The rhythm of joint action

Sports teams that warm up together before a game usually do it to heighten camaraderie and spirit. But synchronous exercise of that kind also seems to increase not just their motivation but their ability to pursue joint goals successfully, says a new study in the Journal of Experimental Social Psychology.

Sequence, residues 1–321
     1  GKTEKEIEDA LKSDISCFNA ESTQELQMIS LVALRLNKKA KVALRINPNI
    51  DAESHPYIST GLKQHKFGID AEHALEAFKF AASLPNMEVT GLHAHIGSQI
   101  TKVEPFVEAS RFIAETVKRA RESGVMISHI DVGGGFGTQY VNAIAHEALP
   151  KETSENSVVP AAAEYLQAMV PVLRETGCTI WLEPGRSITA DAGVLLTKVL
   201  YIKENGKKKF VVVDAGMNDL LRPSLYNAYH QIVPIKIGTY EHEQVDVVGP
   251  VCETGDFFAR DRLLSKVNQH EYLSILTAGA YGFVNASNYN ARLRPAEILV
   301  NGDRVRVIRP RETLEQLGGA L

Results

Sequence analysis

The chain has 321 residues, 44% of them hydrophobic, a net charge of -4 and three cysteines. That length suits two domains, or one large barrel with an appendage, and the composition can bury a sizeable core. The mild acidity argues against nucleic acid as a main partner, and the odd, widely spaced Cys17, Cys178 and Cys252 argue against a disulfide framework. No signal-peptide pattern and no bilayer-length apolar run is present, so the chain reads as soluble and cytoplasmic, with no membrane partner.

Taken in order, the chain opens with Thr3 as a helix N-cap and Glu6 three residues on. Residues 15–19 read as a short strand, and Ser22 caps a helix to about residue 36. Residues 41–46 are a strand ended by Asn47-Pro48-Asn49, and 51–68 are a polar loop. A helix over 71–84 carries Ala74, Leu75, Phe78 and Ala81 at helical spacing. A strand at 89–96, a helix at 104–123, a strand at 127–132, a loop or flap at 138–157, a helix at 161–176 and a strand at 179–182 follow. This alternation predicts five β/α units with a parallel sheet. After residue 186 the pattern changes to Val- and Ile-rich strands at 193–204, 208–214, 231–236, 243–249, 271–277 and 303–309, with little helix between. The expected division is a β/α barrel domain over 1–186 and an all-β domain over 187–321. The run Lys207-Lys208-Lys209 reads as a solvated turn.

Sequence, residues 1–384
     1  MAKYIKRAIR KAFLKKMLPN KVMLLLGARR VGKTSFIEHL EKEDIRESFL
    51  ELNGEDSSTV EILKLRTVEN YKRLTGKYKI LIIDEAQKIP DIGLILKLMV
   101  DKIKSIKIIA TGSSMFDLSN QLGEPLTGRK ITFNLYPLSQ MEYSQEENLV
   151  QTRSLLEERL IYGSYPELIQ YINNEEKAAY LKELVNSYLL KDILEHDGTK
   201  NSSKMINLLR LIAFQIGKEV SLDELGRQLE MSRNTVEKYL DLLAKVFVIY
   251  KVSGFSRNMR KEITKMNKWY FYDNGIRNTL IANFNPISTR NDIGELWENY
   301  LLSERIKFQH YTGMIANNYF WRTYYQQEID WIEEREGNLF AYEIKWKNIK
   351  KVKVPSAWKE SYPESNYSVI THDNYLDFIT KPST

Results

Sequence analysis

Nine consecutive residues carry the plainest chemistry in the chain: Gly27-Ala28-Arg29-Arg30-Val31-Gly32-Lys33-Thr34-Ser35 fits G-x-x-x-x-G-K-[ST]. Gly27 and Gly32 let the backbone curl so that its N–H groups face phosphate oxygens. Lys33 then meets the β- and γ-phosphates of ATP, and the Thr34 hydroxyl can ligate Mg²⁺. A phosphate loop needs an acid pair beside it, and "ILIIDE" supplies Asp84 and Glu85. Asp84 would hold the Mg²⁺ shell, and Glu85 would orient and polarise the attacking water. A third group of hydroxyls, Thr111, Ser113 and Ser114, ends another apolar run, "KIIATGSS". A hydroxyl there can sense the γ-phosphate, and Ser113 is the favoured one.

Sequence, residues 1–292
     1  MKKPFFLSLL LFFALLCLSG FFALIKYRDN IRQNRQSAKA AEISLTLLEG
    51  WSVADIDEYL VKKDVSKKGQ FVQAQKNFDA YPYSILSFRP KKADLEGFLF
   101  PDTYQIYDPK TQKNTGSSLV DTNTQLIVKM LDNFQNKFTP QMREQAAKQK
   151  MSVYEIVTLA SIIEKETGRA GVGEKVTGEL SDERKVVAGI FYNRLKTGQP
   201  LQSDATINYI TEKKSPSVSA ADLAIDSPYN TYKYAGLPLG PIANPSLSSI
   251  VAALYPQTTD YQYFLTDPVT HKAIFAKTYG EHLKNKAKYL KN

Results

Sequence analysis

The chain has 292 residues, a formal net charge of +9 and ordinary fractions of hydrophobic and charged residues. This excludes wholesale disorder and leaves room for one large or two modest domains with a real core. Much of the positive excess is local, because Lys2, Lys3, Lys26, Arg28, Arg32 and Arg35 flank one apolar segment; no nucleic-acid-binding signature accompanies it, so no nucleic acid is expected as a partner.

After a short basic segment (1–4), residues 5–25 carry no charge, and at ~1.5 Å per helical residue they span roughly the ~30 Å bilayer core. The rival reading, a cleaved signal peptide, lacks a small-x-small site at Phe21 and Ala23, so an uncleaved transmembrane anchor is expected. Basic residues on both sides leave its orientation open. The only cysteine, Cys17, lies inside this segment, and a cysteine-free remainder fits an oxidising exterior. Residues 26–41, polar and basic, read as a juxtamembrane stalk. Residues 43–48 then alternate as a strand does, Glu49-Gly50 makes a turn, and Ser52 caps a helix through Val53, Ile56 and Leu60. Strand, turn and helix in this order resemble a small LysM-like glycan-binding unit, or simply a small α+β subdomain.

This might mean, for example, that kids who practice Double-Dutch jump-rope, or ballroom dance, or playing in a band—anything that involves moving together in time—are actually getting sharper at accomplishing anything they try that involves cooperation, perception and reaction to a partner’s actions.

A little “action research” by teachers and students is worth a try! Science class after gym class, anyone?


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